I think this might just be an evolution thing though … it is easier to take a baby step to a system that manages your documents and workflow around those documents … but after that reaches enough saturation point, people are going to have to come to grips with the fact that systems like SharePoint are not designed to effectively and efficiently capture structured data elements like a CRM can.

  13. Christian Avatar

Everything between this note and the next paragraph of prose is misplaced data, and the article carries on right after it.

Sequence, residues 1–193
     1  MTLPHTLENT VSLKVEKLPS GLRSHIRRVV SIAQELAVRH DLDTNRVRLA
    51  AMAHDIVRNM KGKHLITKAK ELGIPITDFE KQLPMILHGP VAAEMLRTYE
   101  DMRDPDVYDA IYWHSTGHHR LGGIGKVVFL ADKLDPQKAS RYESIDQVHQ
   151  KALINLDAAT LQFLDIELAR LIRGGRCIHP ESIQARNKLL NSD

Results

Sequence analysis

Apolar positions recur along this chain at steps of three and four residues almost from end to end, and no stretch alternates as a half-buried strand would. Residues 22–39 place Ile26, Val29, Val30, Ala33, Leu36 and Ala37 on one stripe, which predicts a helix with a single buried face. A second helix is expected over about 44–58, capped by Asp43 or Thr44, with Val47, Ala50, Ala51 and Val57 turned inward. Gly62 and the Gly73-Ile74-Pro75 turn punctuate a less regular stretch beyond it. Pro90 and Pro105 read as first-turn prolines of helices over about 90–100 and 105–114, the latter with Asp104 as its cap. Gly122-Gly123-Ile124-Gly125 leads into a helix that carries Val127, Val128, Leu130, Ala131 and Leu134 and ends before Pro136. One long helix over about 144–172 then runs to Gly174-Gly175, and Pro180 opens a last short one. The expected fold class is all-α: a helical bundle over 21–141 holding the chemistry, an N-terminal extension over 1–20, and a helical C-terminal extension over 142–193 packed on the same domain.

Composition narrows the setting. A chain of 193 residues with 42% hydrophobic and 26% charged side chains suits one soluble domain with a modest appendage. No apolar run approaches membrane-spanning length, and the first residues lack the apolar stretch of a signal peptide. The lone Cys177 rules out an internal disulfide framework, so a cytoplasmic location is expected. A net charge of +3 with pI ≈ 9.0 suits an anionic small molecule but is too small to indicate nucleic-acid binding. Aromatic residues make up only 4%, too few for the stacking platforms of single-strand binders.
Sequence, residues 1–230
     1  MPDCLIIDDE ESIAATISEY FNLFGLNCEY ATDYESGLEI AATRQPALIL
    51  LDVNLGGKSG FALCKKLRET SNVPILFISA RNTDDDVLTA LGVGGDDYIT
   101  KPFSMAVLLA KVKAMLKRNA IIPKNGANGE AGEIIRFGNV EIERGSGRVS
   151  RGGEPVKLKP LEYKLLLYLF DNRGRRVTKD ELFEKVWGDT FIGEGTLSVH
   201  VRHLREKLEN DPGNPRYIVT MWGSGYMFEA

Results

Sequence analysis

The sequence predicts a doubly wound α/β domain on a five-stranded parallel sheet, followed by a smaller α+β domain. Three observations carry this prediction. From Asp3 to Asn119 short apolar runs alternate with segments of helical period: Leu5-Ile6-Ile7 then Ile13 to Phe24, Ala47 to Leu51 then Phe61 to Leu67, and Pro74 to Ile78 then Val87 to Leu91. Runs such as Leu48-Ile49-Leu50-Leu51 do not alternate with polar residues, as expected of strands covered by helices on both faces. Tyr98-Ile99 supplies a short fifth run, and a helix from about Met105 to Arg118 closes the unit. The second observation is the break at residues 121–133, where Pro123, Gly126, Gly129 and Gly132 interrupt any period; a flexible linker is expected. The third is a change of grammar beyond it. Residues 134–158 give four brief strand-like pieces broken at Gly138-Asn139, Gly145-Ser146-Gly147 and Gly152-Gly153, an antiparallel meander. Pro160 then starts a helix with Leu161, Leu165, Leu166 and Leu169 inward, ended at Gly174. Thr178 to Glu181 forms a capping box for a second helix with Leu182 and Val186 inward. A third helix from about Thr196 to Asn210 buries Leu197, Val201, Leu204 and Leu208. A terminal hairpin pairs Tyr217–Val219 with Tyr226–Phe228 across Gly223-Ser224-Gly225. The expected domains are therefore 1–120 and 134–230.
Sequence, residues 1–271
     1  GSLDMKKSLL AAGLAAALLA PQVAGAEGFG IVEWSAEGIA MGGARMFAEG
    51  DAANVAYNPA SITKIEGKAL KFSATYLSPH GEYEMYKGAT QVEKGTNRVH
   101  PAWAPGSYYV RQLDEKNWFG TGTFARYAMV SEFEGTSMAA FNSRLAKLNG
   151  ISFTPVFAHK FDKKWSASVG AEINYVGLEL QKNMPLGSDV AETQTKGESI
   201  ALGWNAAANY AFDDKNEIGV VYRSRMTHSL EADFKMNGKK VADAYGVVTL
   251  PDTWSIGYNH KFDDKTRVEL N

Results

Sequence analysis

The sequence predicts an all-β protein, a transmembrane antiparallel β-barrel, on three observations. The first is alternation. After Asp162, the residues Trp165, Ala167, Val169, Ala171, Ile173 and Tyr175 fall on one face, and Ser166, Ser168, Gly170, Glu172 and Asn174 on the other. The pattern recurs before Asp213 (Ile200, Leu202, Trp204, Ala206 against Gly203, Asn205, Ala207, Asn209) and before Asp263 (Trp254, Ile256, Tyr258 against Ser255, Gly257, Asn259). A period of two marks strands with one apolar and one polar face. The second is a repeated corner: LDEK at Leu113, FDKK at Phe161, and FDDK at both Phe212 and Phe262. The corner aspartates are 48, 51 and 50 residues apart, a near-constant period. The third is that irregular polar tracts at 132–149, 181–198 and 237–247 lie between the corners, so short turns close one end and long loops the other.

One true statement on this article is that a CRM solution is an important part of any organization. However, I do not agree with what you say about SugarCRM. I recently purchased their Pro Edition for only 30 a month per seat. Salesforce is 125 a month that is less than a 3rd of the cost. SugarCRM is more customizable and integrates better. SugarCRM can be SaaS Product or I can host it, while with salesforce you don’t have an option. SugarCRM is an open source. We control what we want. ApexTwo helped me out.